Published:January 01, 1992
Frank G. Ethridge, William R. Almon, M. Peter Cone, David G. Kersey, Henry A. Ohen, Walter A. Nagel, Keith A. Byerley, Jim Funk, Charles L. Vavra, John G. Kaldi, Robert M. Sneider, Jeffrey T. Hawkins, Robert W. Scott, David W. Houseknecht, J. B. Thomas, P. C. Henshaw, R. L. Kaufman, L. W. Slentz, Parke A. Dickey, Dare Keelan, J. O. Amaefule, 1992. "Laboratory Methods", Development Geology Reference Manual, Diana Morton-Thompson, Arnold M. Woods
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One essential ingredient for proper reservoir description is a data base of reservoir rock and fluid sample analyses. Without direct access to rock and fluid sample data, geologists, geophysicists, engineers, geostatisticians, and managers are forced to rely mostly on remotely accessed information supplied by well logs and seismic reflection profiles. Rock and fluid data provide a means of assessing the quality of other forms of subsurface data. This part of the Manual provides a handy reference guide to standard laboratory methods for analyzing rock and fluid samples from hydrocarbon reservoirs. It is divided into five topic areas:
Chemistry of fluids
A single chapter that describes methods for examining and recording lithological data from continuous cores (Ethridge) comprises the first topic area. This procedure represents an essential first step in analysis of continuous core and is critical to core-log depth adjustment and to construction of depositional models.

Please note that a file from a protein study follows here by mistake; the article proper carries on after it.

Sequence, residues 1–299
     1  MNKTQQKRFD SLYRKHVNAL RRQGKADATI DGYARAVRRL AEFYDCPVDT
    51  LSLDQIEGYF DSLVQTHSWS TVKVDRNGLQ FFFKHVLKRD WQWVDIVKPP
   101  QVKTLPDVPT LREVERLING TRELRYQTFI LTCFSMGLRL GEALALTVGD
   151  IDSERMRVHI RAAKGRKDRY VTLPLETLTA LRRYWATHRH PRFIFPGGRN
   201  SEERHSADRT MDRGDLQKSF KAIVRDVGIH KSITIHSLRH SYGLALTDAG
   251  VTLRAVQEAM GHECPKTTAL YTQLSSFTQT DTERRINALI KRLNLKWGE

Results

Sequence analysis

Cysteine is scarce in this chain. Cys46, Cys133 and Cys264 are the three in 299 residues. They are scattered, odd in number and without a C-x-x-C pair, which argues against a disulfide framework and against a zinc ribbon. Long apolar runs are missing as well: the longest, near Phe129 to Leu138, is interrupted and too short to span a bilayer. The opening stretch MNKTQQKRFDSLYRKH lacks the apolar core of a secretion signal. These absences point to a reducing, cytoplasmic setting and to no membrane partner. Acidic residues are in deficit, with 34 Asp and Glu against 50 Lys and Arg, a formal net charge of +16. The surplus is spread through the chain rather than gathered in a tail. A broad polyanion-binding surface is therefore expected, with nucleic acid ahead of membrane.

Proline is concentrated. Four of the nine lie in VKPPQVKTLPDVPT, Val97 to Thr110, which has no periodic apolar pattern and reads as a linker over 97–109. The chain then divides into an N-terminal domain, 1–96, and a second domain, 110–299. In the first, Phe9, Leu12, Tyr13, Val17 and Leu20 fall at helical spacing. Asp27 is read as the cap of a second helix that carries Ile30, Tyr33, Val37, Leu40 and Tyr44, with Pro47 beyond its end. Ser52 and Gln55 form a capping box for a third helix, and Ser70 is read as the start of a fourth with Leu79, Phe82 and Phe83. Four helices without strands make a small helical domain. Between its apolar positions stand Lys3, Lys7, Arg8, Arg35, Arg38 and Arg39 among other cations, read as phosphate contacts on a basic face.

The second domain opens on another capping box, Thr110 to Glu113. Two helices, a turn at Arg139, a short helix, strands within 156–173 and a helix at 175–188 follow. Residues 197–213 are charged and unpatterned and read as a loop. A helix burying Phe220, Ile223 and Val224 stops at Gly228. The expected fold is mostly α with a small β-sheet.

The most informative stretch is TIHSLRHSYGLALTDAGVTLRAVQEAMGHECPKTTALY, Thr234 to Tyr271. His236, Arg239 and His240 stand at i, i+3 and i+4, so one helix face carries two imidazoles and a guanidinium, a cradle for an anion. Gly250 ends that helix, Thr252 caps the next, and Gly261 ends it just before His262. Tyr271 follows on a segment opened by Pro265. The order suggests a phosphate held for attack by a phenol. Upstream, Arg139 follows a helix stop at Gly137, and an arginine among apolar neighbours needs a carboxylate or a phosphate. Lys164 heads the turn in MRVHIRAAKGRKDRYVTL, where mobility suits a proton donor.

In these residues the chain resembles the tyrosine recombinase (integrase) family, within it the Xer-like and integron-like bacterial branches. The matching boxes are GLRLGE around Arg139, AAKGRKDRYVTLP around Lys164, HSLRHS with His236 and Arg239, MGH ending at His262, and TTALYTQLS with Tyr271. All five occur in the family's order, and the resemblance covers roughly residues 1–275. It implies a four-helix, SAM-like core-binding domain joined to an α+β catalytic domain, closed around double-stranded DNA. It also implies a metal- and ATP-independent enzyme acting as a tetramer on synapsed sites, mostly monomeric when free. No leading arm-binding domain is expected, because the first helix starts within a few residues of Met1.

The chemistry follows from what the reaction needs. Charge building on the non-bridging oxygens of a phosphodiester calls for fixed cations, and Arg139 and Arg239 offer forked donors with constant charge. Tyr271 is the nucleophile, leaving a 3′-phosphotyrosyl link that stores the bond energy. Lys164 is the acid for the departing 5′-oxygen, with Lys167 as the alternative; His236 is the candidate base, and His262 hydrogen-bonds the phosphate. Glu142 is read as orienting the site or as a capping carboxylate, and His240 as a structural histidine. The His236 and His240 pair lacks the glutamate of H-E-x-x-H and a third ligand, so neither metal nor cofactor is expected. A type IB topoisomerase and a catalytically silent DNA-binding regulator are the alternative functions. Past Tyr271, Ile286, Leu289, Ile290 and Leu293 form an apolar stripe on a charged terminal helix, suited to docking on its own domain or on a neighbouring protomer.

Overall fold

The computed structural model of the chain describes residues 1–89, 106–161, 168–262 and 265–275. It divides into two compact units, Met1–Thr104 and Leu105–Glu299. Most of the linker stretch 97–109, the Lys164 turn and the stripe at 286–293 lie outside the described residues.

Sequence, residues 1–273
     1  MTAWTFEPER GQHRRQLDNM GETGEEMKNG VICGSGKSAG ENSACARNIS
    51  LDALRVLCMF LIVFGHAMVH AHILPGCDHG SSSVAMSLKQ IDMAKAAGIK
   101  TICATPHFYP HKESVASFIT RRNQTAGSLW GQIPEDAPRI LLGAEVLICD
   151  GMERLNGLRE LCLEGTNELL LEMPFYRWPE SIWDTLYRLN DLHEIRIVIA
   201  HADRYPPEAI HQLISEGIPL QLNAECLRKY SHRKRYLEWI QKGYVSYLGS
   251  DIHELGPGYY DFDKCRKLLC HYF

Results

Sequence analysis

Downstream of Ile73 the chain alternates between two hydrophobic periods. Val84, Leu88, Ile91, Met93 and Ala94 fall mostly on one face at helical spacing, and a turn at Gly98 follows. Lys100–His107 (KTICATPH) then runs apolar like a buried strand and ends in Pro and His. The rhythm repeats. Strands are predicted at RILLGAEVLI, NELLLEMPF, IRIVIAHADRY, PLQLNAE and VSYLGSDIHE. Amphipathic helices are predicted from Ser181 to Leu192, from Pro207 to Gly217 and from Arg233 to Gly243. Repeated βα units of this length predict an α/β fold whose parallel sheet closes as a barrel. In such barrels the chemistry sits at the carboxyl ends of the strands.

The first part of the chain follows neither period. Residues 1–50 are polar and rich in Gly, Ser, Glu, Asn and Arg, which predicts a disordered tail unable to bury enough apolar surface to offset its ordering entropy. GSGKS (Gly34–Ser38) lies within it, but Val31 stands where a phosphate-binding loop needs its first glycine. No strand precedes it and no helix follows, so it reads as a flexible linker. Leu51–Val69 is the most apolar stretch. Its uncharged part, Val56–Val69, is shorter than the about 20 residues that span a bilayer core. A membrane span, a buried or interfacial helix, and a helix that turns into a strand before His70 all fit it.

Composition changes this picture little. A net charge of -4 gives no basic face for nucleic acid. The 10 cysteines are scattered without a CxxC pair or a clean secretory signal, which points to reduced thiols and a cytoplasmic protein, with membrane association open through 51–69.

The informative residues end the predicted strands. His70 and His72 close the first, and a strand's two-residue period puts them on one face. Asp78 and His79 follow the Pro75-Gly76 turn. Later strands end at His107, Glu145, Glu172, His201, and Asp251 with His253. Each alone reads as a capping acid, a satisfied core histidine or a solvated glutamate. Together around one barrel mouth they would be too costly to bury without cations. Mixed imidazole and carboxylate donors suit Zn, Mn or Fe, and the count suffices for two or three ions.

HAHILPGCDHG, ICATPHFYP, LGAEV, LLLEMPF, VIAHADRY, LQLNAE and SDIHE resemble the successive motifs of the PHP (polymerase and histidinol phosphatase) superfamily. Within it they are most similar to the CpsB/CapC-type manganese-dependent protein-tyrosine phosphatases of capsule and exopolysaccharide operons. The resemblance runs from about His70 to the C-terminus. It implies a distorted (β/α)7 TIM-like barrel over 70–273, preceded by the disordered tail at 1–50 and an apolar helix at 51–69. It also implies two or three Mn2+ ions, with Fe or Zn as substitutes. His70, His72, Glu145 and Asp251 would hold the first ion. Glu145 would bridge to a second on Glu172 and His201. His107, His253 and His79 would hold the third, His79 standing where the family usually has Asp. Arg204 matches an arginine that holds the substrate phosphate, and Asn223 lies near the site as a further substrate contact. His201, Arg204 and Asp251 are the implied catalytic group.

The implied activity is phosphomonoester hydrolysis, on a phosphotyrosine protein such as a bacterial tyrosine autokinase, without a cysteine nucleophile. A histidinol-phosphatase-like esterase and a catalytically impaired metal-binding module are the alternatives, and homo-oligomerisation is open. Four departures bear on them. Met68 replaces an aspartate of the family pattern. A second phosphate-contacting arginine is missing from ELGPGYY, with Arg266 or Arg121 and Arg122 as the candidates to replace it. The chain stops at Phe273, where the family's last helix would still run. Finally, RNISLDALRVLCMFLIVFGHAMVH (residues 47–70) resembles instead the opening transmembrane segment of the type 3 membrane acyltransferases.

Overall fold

The second topic area begins with a general overview chapter on routine core analysis (Almon). Other chapters on this topic discuss porosity (Cone and Kersey), permeability (Ohen and Kersey), core-log transformations and porosity-permeability relationships (Nagel and Byerley), wettability (Funk), capillary pressure (Vavra, Kaldi, and Sneider), and relative permeability (Hawkins).
A single chapter on paleontology (Scott) describes the use of fossils in dating and correlating strata and in predicting reservoir and source rocks. The topic of petrographic analysis includes papers on thin section methods (Houseknecht) and X-ray diffraction, cathodoluminescence, and X-ray fluoroscopy (Thomas).
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Development Geology Reference Manual
The production and exploration geologist's best data base for saving time. This is a quick reference to concepts, tools, formulas, and techniques on everything from economics and land leasing to wellsite and engineering methods. If you are in the petroleum geology business this is a must-have volume. “Extensive, well written, well put together handbook for development geologists. The text essentially touches on nearly every topic about which well site geologists or development geologists need to know an extremely complete volume.” Michael D. McCormack, Editor, Geophysics, June 1994